Regarding the first argument, the Supreme Court bench observed that banks will be considered promoters for the purposes of the RERA Act, and if the bank uses measures under Article 13(4) of the SARFAESI Act, this triggers a statutory assignment of the borrower’s right to the pledgee, giving jurisdiction to the RERA authority to hear a complaint filed by an aggrieved person. This means that a lender cannot collect its debts from a developer by selling the property, but must instead assume the role of developer or promoter. However, the court clarified, in this regard, that the RERA will only have jurisdiction when the purchasers apply to the authority to protect their interests.
On the second, the High Court of Rajasthan relied on Bikram Chatterji vs Union of India and Ors(2019), in which the Supreme Court had declared that in the event of a conflict between the two laws, the provisions of the RERA would prevail. It was reiterated.
Finally, the Supreme Court concluded that the RERA would not apply retroactively unless the security was created by fraud or collusion.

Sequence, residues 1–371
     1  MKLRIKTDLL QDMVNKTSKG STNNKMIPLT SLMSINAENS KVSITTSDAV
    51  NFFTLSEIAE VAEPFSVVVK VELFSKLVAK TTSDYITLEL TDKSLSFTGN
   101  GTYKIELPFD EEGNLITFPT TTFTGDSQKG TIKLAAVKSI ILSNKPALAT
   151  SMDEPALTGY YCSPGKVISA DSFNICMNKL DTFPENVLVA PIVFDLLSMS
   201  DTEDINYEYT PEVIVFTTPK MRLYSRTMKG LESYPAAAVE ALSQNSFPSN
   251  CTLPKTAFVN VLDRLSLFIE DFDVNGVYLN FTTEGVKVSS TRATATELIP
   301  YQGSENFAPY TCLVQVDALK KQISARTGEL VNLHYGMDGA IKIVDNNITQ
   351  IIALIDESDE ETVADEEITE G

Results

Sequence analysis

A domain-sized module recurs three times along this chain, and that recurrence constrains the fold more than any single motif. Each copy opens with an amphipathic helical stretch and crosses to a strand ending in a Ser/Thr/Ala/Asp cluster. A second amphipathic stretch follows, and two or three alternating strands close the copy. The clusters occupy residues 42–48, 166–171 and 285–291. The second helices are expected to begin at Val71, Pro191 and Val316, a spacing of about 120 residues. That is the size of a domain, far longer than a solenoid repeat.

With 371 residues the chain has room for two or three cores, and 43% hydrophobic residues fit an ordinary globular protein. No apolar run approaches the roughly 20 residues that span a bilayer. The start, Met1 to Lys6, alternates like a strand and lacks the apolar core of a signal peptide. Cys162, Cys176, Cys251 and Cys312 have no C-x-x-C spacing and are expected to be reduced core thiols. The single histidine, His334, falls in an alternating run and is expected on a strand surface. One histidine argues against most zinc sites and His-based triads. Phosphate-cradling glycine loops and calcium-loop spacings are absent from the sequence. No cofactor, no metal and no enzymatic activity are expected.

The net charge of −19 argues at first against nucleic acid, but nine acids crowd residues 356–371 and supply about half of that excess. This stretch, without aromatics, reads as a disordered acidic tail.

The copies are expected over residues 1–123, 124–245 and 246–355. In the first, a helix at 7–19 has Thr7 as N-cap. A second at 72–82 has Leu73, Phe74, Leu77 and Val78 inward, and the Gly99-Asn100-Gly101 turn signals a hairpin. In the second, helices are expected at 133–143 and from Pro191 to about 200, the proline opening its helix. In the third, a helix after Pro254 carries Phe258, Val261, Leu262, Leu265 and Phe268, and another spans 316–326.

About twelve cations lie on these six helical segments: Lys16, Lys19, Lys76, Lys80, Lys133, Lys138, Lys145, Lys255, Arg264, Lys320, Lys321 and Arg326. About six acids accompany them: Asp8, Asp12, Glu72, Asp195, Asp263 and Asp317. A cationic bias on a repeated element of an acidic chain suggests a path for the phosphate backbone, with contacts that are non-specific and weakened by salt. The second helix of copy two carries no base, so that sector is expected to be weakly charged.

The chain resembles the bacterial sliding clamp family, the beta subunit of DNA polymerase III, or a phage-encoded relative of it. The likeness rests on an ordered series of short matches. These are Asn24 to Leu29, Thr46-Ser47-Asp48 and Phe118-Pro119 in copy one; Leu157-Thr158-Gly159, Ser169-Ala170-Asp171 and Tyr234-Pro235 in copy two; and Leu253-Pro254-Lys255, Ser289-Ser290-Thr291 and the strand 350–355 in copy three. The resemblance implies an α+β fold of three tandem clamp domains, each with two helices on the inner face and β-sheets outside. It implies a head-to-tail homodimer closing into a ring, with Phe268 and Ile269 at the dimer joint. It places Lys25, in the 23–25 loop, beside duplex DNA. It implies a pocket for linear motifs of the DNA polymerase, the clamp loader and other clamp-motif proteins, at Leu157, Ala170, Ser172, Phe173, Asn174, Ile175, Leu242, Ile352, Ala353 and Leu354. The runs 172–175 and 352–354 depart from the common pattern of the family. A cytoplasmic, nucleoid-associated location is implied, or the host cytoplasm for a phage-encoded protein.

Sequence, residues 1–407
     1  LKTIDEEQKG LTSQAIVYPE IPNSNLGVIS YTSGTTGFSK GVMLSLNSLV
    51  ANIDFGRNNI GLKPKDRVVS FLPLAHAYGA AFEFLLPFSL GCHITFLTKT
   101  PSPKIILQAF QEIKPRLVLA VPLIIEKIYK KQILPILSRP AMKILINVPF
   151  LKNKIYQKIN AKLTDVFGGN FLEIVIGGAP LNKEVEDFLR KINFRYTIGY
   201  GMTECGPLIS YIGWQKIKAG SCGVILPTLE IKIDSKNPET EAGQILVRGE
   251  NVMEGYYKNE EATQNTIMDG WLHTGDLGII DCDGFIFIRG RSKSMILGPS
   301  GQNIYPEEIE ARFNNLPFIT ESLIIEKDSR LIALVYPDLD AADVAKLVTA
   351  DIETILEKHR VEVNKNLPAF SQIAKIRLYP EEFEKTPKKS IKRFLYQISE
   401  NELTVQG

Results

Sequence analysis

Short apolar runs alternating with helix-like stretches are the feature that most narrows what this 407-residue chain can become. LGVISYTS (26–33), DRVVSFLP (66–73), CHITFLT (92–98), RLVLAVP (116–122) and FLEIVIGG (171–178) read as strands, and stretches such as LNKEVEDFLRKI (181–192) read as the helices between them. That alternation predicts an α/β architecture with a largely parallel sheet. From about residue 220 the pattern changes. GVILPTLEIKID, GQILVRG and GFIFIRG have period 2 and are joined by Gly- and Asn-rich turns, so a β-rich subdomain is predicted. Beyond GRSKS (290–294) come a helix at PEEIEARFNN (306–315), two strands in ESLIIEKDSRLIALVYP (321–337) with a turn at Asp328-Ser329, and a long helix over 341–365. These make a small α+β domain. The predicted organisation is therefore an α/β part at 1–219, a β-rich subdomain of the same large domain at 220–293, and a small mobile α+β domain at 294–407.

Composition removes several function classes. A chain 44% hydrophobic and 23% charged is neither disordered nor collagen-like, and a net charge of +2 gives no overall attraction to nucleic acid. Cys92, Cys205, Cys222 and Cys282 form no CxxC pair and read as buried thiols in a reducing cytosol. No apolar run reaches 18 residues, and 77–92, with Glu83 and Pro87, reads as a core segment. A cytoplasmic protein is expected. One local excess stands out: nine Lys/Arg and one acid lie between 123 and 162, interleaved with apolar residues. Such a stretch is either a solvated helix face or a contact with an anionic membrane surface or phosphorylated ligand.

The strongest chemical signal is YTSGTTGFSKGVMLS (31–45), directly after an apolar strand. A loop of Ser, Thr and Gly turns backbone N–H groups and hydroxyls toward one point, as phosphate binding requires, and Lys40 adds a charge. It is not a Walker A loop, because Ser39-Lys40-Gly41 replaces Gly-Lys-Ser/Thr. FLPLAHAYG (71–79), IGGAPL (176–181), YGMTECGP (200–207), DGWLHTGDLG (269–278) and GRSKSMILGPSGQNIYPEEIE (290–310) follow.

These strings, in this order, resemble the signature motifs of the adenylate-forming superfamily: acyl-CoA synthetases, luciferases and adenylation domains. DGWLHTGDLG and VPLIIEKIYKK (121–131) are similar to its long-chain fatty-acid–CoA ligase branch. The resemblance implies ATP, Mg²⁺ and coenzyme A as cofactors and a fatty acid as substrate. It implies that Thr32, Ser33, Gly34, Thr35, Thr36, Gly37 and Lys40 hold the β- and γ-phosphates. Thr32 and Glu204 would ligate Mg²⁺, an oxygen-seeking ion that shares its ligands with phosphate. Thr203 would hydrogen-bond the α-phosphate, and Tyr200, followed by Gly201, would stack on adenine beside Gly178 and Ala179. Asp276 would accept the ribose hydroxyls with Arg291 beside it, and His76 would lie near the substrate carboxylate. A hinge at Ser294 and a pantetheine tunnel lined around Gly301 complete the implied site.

Impact on financial institutions
As financial institutions are now considered as “promoters”, they will have to comply with the responsibilities of promoters set out in the RERA law. In addition, financial institutions will now be subject to the jurisdiction of RERA, which means that they will have to comply with RERA’s advice and will have to represent themselves if beneficiaries file a complaint. In addition, due to the possibility of multiple complaints being filed by beneficiaries, the process of enforcing security interests by financial institutions pursuant to Article 13(4) of the SARFEASI Act will not be a smooth process.
Previously, financial institutions could bring an action under Article 13(4) of the SARFAESI Act without the intervention of courts/tribunals. However, if the promoter does not pay the contribution, the procedure may be delayed due to the intervention of the RERA Authority.